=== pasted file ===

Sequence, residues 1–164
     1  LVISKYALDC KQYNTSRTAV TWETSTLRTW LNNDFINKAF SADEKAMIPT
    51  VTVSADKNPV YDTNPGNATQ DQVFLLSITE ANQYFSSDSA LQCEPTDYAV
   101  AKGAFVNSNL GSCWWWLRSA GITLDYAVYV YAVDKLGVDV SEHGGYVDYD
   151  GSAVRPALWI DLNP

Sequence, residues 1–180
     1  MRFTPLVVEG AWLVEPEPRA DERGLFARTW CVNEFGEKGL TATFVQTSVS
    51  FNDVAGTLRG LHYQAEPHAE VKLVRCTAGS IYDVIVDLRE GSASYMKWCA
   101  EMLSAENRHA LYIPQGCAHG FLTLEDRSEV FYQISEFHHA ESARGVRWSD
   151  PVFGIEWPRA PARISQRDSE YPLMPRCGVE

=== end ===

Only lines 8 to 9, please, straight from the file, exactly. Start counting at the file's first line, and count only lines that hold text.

    51  FNDVAGTLRG LHYQAEPHAE VKLVRCTAGS IYDVIVDLRE GSASYMKWCA
   101  EMLSAENRHA LYIPQGCAHG FLTLEDRSEV FYQISEFHHA ESARGVRWSD